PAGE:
Illegal logging is an enormous problem in Peru, as shown in recent studies and reports highlighting the phenomenon’s impact on the country’s forests, including an Al Jazeera documentary exploring the links between illegal logging and corruption. A recent government audit found evidence of timber laundering, where exporters make illegally logged wood appear to be legitimately harvested. This ruse involves the concoction of “ghost trees” – trees that never existed, except on paper.
While not a new problem, the scale and pervasiveness of timber laundering in Peru is astounding. The Peruvian government’s Independent Forest Sector Oversight Agency (OSINFOR) determined that more than 8,000 trees that had been reported as harvested by Peruvian timber exporters between March and May 2014 never existed. Peru’s Amazonas 2014 Operation found an estimated 47 million board-feet of timber were associated with illegal practices, enough wood for the frames of nearly 3,000 medium-to-large single family homes in the U.S. Overall, OSINFOR found evidence of illegal practices in an astonishing 93.75 percent of operations they audited.
The “ghost trees” problem starts when a forest consultant prepares a management plan for a timber harvesting operation. By exaggerating the number of trees available, timber harvested elsewhere can be approved as legally harvested, if the government approves the management plan without verifying the inventory data.
Even though it is evident that this timber laundering is happening, it is challenging to identify the exact origin of these ‘ghost trees’. We know that most illegalities documented by OSINFOR were in the Loreto and Ucayali regions. The missing trees may have been harvested from plantations or forest conversion operations, which are out of OSINFOR’s scope of work, or more likely from protected areas and their buffer zones such as the Cordillera Azul, the Sierra del Divisor and Alto Purus, or even from indigenous reserves.
Global Forest Watch shows a road used for illegal logging cutting through the buffer zone of the Cordillera Azul National Park in Peru. For more information about illegal logging in this area, click here.
Implications for U.S. Buyers
The top timber imports to the United States from Peru are sawn wood and wood used for flooring, the same products at issue in the recent Lacey Act case, in which Lumber Liquidators pled guilty to importing illegally sourced timber from the Russian Far East.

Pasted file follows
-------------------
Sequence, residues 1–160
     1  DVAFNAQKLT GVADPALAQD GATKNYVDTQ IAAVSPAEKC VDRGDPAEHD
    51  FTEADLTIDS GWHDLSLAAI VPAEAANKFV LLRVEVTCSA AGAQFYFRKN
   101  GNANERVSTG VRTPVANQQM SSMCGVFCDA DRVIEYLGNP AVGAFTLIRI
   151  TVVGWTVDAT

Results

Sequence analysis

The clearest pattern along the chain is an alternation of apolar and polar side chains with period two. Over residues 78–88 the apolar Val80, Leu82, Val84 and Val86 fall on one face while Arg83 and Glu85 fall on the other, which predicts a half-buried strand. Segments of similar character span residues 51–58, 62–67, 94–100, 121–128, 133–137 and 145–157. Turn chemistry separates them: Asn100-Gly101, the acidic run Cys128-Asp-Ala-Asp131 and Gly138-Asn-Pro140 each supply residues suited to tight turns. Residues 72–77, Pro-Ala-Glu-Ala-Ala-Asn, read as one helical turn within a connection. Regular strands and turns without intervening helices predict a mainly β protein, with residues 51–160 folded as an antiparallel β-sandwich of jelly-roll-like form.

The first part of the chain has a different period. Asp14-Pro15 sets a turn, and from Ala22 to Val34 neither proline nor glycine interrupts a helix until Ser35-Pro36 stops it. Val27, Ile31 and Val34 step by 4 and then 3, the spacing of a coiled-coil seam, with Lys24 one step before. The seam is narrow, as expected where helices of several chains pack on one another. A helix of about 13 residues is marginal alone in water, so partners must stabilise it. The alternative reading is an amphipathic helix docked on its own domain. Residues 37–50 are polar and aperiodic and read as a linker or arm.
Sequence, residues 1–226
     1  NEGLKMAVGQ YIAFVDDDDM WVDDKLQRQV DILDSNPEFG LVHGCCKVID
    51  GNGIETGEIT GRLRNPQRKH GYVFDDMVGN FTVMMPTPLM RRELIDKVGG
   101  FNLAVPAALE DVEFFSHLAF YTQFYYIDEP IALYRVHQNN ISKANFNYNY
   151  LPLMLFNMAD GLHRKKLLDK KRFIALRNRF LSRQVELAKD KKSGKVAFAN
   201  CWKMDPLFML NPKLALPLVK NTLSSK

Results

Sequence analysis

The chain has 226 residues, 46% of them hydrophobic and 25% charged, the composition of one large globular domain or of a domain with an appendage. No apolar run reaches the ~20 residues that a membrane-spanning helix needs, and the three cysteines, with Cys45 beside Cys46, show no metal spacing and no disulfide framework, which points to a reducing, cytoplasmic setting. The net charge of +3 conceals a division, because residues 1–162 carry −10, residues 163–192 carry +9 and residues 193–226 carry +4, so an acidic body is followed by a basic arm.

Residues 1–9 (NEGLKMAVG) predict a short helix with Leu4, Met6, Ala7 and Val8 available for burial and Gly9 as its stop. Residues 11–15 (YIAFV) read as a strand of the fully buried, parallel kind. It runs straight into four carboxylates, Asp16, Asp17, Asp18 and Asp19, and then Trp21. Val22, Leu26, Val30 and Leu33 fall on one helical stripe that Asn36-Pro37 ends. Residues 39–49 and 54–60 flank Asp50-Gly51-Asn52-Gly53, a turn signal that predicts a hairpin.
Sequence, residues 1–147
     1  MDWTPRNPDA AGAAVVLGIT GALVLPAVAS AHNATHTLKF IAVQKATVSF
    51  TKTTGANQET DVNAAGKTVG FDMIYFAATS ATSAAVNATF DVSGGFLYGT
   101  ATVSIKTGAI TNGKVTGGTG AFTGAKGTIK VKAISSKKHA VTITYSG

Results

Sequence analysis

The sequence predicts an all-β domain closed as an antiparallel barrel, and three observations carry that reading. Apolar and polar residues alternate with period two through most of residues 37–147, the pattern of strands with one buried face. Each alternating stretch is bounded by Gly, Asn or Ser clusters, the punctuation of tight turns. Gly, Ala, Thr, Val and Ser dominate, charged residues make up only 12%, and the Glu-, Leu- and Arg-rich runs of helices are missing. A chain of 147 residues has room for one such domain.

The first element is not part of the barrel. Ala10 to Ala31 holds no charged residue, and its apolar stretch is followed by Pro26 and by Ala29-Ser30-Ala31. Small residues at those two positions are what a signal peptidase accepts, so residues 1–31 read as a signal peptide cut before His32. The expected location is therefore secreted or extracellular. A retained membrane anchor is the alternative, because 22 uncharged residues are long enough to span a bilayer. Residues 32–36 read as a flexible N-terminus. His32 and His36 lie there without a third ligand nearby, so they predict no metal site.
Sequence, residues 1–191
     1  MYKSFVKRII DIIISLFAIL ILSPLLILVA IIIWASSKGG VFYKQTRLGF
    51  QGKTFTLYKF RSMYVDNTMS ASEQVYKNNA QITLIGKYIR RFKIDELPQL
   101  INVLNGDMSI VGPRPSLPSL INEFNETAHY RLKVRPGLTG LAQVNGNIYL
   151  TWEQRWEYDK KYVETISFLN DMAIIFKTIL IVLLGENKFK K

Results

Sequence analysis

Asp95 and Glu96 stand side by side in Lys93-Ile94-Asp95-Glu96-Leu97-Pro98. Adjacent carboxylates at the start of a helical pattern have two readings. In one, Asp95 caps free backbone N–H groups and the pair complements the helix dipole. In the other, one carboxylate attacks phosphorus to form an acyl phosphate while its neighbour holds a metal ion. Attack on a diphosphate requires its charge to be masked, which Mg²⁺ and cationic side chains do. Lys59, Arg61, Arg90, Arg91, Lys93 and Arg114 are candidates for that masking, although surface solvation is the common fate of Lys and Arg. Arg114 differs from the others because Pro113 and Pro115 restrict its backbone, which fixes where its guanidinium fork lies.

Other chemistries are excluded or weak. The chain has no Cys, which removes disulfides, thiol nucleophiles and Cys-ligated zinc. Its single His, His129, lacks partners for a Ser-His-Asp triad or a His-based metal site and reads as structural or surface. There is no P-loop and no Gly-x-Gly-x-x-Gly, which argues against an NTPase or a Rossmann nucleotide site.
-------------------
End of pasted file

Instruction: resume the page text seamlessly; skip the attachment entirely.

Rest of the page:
Here’s what U.S. customers can do to minimize the risk of illegally sourced wood in their supply chains:
Know the problem and understand its context. Reports and other materials on companies that have violated the law include:
Consult trade associations. The International Wood Products Association, for instance, is rolling out a due diligence training for members.
Request documentation from your in-country suppliers, including transportation guides and forest management data. With that information:
Look up the supplier company in OSINFOR’s Forest Management Information System (SIGO) to find out if OSINFOR has detected illegalities or not in the forest operation based on their field verifications (available in Spanish and English via Google Translate).
Look up the name of the forest consultant who prepared the forest management plan in OSINFOR’s report to determine if they have been linked to providing false information (starting on page 43).
Better News on the Horizon?
Operation Amazonas 2014 adds to the long list of illegal logging investigations in the Peruvian Amazon, but it is particularly remarkable because for the first time, it was a coordinated effort led by the Peruvian Customs Agency (SUNAT) that involved other government agencies including OSINFOR, the Office of the Environmental Prosecutor in Peru, the World Customs Organization and Interpol. These types of efforts should be sustained and scaled.
Better news could be on the horizon. Since 2006, the United States and Peru have been working through a bilateral cooperation agreement in the context of the U.S.-Peru Free Trade Agreement to strengthen governance in the forest sector. As a part of this collaboration, new environmental authorities have been established, including OSINFOR and the Peruvian Forest Service (SERFOR); the forest sector legal framework has been overhauled; the Peruvian government has been working on the design of a national forest and wildlife information management system that will include a supply chain tracking system; and SERFOR is leading an initiative seeking to curb domestic demand for illegal timber through a national legal timber pact. For now, OSINFOR’s public records and databases are key tools to help U.S. buyers exercise the due care required by Lacey by identifying risky sources.
Finally, although illegal logging is a pervasive problem, there are timber producers in Peru who comply with the law. It is important to support these businesses, rather than penalizing them for the actions of illegal operators. Information transparency is key to identify these actors, and a way to start is by looking at SIGO’s list of producers operating in compliance with the law.